Most US seniors, almost 94 percent, do not live in an assisted living facility or nursing home. Instead, they choose to age in place in their homes, live with family, or engage or independent living. Seniors live longer and healthier lives and need living options to match their active lives. Independent living is a part of the long-term care process during the phase in which seniors do not need continuous medical care or assistance with activities of daily living. Independent living facilities do not provide residential care, but they do provide senior housing to help seniors stay healthy and engaged with their peers.
1.What is independent living?
Independent living facilities are communities in which seniors or other adults live. They do not receive medical care or need assistance in basic activities of everyday living. By living in communities with other seniors, they receive social engagement and engage in services and amenities at the complex. Independent living facilities have community rules, but seniors have the freedom to leave the facility when they want, travel, and generally live an independent life. Independent living is an umbrella term for different types of senior facilities, including independent senior apartments, retirement communities, retirement homes, senior communities,
1.1 What is the difference between:
Independent Living Vs +55 Community
A +55 community is a type of independent living facility just for seniors who are 55 years old and older. It is just for those of retirement age, instead of those who are younger but need community living.
Independent Living Vs Assisted Living
Assisted living is for seniors who need some assistance with daily living but not enough to warrant living in a nursing home. Seniors may need help with personal care, grooming, and mobility, but they do not need consistent medical care.
Independent Living Vs Nursing Home
A nursing home is a place for people who cannot medically take care of themselves anymore. Nurses provide 24/7 care, and residents can get other medical help at the nursing home. Independent living facilities do not offer medical assistance.
Independent Living Vs Continuing Care Retirement Community
A continuing care retirement community is a campus with multiple types of long-term care options. It may house an independent living facility among its options. It could also house an assisted living facility and a nursing home.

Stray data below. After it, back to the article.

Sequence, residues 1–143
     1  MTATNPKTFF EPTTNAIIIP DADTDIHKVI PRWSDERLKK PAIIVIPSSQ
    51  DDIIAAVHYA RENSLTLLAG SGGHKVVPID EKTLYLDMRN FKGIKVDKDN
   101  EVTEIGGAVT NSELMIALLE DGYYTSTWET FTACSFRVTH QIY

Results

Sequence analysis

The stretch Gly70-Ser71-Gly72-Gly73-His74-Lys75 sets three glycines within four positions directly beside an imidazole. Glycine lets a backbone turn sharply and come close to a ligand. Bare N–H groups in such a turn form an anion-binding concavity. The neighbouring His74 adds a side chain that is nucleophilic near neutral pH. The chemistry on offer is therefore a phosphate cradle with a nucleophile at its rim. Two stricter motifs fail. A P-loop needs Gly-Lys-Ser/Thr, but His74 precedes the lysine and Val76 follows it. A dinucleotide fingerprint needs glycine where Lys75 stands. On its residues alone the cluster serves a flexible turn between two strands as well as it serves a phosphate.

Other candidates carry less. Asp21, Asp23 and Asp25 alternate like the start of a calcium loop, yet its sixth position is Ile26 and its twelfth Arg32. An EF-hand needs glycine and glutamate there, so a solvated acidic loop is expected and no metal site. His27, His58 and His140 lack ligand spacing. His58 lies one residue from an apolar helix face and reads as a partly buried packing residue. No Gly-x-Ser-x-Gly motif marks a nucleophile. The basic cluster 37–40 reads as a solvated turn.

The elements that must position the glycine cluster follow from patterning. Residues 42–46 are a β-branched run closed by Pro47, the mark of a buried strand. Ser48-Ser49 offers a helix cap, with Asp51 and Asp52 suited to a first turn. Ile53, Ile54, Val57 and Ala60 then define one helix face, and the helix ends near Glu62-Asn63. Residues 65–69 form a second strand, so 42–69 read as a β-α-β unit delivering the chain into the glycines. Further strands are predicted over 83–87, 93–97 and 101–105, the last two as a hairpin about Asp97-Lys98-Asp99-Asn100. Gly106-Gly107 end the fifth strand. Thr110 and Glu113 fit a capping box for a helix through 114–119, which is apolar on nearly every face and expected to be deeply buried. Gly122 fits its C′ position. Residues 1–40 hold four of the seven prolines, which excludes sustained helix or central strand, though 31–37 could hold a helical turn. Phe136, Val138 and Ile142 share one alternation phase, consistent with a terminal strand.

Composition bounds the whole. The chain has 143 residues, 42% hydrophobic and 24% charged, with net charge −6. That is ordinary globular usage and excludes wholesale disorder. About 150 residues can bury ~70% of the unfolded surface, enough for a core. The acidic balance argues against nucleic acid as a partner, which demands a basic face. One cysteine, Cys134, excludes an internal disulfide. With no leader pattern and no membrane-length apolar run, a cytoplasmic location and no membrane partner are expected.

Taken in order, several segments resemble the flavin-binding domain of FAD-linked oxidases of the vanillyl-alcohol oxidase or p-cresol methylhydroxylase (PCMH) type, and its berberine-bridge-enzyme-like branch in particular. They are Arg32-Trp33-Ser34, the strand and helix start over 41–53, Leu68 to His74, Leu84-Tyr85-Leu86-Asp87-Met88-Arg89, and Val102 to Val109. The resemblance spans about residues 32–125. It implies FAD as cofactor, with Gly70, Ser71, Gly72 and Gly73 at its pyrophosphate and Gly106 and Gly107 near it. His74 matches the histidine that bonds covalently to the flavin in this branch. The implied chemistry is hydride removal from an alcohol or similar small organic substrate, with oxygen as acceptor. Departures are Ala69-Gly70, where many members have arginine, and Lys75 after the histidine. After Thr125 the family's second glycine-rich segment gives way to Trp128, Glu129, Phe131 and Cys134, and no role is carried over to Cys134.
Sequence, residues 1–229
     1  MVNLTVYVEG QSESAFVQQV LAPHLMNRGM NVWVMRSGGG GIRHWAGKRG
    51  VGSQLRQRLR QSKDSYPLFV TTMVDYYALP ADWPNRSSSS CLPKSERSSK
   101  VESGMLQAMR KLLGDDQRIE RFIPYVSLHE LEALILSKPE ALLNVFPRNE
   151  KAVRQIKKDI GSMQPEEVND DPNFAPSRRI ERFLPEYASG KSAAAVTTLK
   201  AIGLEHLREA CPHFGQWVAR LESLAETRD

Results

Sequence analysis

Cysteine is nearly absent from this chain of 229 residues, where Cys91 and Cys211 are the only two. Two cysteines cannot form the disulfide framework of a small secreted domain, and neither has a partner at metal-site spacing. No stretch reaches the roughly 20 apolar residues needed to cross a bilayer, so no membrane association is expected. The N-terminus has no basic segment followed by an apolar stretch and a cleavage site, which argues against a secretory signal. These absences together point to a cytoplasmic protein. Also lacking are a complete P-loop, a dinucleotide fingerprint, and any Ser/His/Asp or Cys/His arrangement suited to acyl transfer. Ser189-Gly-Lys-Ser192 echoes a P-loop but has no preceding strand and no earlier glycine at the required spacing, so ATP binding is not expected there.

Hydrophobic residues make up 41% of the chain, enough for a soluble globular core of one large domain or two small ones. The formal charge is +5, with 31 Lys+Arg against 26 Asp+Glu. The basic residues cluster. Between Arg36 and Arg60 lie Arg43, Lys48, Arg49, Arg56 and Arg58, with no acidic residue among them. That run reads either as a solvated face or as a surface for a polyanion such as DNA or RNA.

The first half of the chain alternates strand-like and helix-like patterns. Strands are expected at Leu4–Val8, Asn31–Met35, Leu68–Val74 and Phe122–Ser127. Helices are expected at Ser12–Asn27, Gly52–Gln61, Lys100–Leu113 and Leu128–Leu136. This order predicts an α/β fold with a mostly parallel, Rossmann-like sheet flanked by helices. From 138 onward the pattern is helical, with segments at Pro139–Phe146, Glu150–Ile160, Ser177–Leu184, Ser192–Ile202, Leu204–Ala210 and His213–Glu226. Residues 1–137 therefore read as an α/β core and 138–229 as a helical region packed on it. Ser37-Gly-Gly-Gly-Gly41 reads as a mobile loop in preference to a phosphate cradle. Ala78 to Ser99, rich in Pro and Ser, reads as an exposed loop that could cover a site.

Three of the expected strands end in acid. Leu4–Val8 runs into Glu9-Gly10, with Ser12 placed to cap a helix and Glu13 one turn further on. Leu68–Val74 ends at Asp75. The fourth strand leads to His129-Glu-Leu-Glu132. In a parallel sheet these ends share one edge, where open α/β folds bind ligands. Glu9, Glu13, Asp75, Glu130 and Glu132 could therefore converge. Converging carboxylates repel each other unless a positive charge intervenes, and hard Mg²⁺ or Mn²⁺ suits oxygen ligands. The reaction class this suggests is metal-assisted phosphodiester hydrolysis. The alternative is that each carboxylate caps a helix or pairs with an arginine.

Independent Living Vs Supportive Living
Supported living centers are for people who need the level of care as seniors who need assisted living. The difference between assisted living and supportive living is that seniors often live in residential care facilities and may qualify for Medicare or Medicaid payments.
Independent Living Vs Group Home
Group homes are for people who cannot live completely independently. This may include seniors or people with disabilities. Caregivers assist and help them live without parents or guardians.
Independent Living Vs Retirement Home
Retirement homes are just for those of retirement age, typically 55-years-old and older, who need some level of care. A caregiver typically staffs and provides help to seniors.
1.2 How to know if it’s time for independent living
Understanding when it is the right time for independent living depends on the person and many different variables, but these are some guidelines for when seniors or disabled adults may consider independent living.
Independent Living for Seniors
Seniors may consider independent living under some of these conditions.
- Seniors who are at risk of social isolation or loneliness can benefit from the social programs of independent living.
- Older adults who have a home that is too large for them to maintain can enjoy a townhome or apartment at an independent living facility with no maintenance responsibilities.
- Generally healthy seniors who want to live among people their age can do so in independent living.
- Seniors who can care for themselves but need assistance with transportation or other services.
Independent Living for Disabled Adults
These situations are prime for disabled adults to consider independent living.
- Disabled children become adults and want to move away from their parents, but they need structure and assistance to live independently.
- A medical provider or therapist recommends more autonomy for the adult.
- An occupational therapist recommends a form of independent living.
2. What are independent living services?
2.1 What are independent living services?
The exact services vary by facility, but these are the common services independent living provides.
- Dining: Independent living facilities usually offer dining options for residents. Some may have multiple options, such as a restaurant and a smaller cafe or coffee shop, while others have a single cafeteria. These options provide at least all three meals.
- Housekeeping services: Residents in independent living facilities often offer housekeeping and laundry services for residents. Seniors do not need to worry about cleaning, reaching or carrying clothes and linens.
- Maintenance: Seniors who still live at home need to arrange for their home maintenance and repairs. At independent living facilities, maintenance is a service that the facility provides. Seniors do not need to pay for or arrange for repairs and home services.
- Transportation: Since many seniors may no longer be able or want to drive, independent living facilities can arrange for transportation. This includes transportation for errands, prearranged outings, and medical appointments.